Summary of the group analysis

The main findings concerning central processes can be summarized as follows. First, the scores in the oral and written spelling of regular, irregular words and nonwords indicated that the AD patients as a group had significantly lower scores than the controls and that there was no significant difference between the two output modalities (written and oral). This profile of performance confirms the central nature of the spelling damage in AD.

The second set of results in written spelling helped to identify which components of the central processes had been damaged. For both groups (controls and AD patients), we noted an effect of length but it was more significant for the AD patients. In AD patients this effect was observed for each type of item. The hypothesis of a deficit of the graphemic buffer was also supported by results that revealed that if patients did not differ from controls when writing short regular words, they had significant worse performance for long regular ones.

We observed a significant effect of type of item, with more difficulty in correctly writing irregular words than nonwords or regular words. The difference between regular and irregular words was more significant in AD patients, for both short and long items suggesting a lexical deficit. It was corroborated by significant worse performance of the AD group compared to the controls both for short and long irregular words. In line with this assumption, the analysis revealed a significant effect of frequency in the AD group but not in the controls.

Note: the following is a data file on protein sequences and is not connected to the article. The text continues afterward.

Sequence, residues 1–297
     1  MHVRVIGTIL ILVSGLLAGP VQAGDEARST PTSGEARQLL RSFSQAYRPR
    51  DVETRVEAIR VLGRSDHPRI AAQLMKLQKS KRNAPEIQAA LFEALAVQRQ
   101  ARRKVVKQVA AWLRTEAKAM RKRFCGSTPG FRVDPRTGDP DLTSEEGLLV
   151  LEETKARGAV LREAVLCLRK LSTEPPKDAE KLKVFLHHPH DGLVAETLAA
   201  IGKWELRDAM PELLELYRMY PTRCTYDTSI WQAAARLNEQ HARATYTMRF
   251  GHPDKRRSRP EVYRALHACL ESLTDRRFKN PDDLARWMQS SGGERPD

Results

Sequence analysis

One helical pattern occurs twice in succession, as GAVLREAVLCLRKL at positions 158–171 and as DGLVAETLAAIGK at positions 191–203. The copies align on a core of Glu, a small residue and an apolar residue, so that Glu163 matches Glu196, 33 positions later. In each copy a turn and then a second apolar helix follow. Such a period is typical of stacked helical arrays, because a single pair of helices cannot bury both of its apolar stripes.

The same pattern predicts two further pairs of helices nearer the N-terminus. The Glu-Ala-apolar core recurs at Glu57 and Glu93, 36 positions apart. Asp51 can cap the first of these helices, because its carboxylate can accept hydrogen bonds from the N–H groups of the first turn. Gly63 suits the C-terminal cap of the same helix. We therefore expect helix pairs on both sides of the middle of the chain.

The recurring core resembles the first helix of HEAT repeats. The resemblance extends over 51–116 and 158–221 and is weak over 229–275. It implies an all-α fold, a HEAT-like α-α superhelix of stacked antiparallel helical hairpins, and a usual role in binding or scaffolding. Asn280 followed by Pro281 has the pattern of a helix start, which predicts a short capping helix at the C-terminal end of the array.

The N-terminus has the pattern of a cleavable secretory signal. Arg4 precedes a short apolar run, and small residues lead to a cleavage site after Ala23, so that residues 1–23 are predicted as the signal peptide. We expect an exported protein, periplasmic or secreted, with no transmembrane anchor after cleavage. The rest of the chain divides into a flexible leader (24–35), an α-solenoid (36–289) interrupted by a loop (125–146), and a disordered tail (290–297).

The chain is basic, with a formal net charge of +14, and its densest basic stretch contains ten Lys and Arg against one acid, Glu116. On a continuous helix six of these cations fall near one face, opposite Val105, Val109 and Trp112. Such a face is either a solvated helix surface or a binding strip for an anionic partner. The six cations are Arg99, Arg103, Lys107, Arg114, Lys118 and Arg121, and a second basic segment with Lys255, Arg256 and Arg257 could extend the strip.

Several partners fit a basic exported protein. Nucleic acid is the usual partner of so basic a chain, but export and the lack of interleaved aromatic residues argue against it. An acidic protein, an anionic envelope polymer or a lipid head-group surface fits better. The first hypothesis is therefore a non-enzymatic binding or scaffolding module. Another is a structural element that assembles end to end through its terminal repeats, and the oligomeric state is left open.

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Both groups showed a significant difference between regular words and nonwords. However analysis indicated that the difference between AD patients and controls was significant when writing short nonwords but not when writing short regular words. These results support the hypothesis of a phonological deficit.

The analysis of errors revealed that AD patients produced more PPE and NPPE than the controls. Contrary to the control group, the difference in AD between PPE and NPPE was not significant. In AD, PPE were produced at a significant higher rate in irregular words whereas NPPE were significantly more frequent in regular words.

The third set of results concerned peripheral components of writing. AD patients performed significantly more poorly than controls on all the tasks except in mental imagery (lower-case letters) and in copying (upper-case letters). The analyses revealed that for lower-case letters, AD patients exhibited a profile similar to the controls but with lower rates of performance within the following gradient of difficulty (copying, dictation, cross-case transcription, mental imagery). For upper-case letters, the profile was slightly different with more pronounced difficulties in the task of cross-case transcription.